Thursday, January 07, 2010

Mass. High Court Affirms Fair Report Privilege

The Supreme Judicial Court today issued a major ruling for members of the news media, affirming a broad immunity from libel for journalists who report fairly and accurately on official government actions and statements. The opinion in Howell v. Enterprise dismisses a defamation suit brought by a former employee of the town of Abington against The Enterprise newspaper in Brockton after it reported that he had used town computers to access pornography.

In affirming the applicability of the fair report privilege, the opinion by Justice Robert J. Cordy said, "[I]t is important that the privilege be construed liberally and with an eye toward disposing of cases at an early stage of litigation," and that courts should take "an expansive but not unlimited view" of what qualifies as an official action covered by the privilege. Applying these principles, the SJC concluded that the actions at issue in this case qualified as official.
"[W]e conclude that the articles appearing in the Enterprise reported on official actions, proceedings, and statements. The May 11 article reported that Howell had been placed on administrative leave. This was official action. When the Enterprise published articles on the sewer commission hearing (July 20 article), Howell's termination after a sewer commission vote (August 3 article), and the board hearing (August 24 article, August 25 article, September 17 article, September 19 article), it reported on official actions and proceedings. The statements and actions reported plainly implicated official duties and powers, either in the context of the official hearings or in the exercise of official powers as a result of the evidence adduced at those hearings. The Enterprise's reliance on anonymous sources did not destroy the privilege because the sources described official action. Similarly, that some of the actions were not public is not problematic: the actions were 'governmental' and 'formal.'"
Having decided that the news reports covered official matters, the SJC next considered whether the reports were fair and accurate. In making this determination, Justice Cordy wrote, the court must be:
"on alert for two sorts of reporting errors: mistakes in reporting what actually happened (accurate), and liberties taken in reporting the character of what actually happened (fair). We examine both through the lens of the reasonable recipient of the report to gauge the substantiality of the report's accuracy and fairness. This is, for lack of a better formulation, best described as a fairness overlay to the fair and accurate inquiries: is the report sufficiently factually incorrect or sufficiently mischaracterized that the impression on the reader is so unfair to the plaintiff as to warrant placing it outside the privilege? We note this because our task in the present case involves a combination of errors of 'accuracy' and 'fairness.'"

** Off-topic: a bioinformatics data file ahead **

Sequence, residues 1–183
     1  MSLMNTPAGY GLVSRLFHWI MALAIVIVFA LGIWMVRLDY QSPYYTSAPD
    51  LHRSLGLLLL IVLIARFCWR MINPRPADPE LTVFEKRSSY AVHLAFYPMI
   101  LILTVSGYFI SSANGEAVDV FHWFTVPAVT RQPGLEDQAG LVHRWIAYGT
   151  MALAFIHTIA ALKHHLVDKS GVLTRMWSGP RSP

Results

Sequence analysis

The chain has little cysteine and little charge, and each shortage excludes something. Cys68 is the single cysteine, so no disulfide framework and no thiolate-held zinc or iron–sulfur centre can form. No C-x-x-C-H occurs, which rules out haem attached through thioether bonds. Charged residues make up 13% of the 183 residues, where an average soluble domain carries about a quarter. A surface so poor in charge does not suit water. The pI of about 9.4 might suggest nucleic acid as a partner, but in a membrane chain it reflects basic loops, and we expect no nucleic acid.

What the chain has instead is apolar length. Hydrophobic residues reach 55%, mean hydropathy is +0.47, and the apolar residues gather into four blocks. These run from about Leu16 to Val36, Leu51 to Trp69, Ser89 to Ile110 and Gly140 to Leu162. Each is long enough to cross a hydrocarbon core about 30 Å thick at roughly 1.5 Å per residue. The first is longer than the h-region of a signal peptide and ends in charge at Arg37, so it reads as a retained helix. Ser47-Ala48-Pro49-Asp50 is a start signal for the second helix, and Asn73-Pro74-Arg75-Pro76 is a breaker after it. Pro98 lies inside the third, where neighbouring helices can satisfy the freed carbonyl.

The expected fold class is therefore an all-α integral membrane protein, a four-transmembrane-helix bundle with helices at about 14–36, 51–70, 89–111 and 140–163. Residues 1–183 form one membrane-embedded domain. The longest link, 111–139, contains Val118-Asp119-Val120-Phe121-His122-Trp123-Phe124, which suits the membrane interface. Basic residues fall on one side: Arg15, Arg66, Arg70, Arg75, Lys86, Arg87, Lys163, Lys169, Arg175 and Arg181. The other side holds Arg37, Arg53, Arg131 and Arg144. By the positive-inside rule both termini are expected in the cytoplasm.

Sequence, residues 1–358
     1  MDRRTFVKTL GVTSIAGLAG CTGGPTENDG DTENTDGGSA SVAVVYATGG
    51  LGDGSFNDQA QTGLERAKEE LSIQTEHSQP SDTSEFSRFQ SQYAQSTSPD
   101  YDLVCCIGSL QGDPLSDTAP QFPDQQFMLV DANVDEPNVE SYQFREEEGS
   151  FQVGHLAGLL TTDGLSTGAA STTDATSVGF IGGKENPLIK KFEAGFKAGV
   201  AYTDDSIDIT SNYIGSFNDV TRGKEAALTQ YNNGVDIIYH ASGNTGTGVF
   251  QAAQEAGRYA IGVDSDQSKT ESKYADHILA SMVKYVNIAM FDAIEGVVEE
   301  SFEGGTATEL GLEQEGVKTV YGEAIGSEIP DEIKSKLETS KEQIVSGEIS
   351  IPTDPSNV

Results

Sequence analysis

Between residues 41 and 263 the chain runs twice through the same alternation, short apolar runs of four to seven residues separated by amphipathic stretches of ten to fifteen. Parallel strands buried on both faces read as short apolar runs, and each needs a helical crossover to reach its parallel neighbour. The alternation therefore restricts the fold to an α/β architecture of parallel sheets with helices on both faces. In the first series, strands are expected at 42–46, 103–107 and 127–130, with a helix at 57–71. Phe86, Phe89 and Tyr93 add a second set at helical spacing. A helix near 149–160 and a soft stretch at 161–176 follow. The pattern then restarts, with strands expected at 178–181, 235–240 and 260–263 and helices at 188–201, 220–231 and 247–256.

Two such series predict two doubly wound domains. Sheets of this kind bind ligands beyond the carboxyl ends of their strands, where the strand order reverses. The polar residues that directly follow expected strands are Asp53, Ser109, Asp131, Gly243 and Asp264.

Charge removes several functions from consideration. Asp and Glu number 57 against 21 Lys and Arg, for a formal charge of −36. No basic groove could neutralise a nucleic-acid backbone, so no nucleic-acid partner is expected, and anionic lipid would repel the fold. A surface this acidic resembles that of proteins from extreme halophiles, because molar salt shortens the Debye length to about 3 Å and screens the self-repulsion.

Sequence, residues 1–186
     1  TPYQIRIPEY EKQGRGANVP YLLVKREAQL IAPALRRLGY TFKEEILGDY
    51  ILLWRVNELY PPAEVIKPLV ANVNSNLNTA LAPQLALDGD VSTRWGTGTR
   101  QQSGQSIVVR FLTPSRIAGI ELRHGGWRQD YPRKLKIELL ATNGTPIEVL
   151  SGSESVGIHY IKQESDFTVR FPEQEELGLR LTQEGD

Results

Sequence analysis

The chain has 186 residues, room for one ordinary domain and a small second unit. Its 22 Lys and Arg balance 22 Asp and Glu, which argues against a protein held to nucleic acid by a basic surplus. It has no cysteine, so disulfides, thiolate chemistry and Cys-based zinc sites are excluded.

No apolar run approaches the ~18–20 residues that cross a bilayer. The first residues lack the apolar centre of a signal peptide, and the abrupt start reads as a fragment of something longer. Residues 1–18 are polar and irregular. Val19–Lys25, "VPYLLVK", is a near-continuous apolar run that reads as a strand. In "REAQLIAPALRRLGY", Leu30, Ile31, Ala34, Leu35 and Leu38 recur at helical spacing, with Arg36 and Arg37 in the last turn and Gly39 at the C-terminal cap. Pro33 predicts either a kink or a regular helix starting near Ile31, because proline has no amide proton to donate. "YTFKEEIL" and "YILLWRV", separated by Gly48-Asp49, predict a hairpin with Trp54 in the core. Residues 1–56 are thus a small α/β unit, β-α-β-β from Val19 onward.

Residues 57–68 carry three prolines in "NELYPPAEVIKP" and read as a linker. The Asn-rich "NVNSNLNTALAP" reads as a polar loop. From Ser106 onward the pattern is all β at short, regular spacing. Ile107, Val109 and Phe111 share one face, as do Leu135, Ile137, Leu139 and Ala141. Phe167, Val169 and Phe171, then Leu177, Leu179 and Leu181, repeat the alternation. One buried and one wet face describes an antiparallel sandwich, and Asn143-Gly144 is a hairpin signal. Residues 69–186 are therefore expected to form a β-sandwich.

The SJC goes on to conclude that the bulk of the reports met both prongs -- that they were both fair and substantially accurate. One statement in one article was inaccurate, the SJC found, but lacked the requisite element of malice that would be required to prove defamation against Howell as a public figure in his town.

In another notable aspect of today's opinion, the SJC reversed the Appeals Court and said that Howell could not sue for intentional infliction of emotional distress. The Appeals Court had said that he could sue for such damages, even if the news reports were true.

Justice Francis X. Spina dissented to one aspect of today's opinion, saying he would not apply the fair report privilege to a story that provided details of a closed-door town meeting. "The policy behind permitting a governmental body to consider the discipline of a public employee in executive session and to extend the secrecy of those proceedings until the process is concluded, or for other valid reasons, is good government. ... A newspaper that publishes such detail before the governmental body releases its records to the public cannot be said to be acting in its public supervision role."


Amusedbutinformedobserver said...

The important thing to note here is the reliace on Massachusetts case law.

Ever since the Corsetti/Boston Herald American case, I have been astounded by the failure of free press advocated to rely on Massachusetts law. Instead, they have pladced their faith in the federal law.

Article XVI of the Declaration of Rights in the Massachusetts Consitituion, as amended bgy Article LXXVII. states:

"The liberty of the press is essential to the security of freedom in a state: it ought not, therefore, to be restrained in this commonwealth. The right of free speech shall not be abridged."

The language of the Massachusetts Constitution may be interpreted by our courts as stronger than the "shall not be abridged" language of the United States Constitution

Any use of Massachusetts law in libel and freedom of the press issues is, therefore, an additional lawyer of protection as against Scalia, Roberts, Thenquist and there ilk.

Anonymous said...

Thanks for bringing my attention to this case. I'm including it in my (co-authored) Mass Media Law casebook.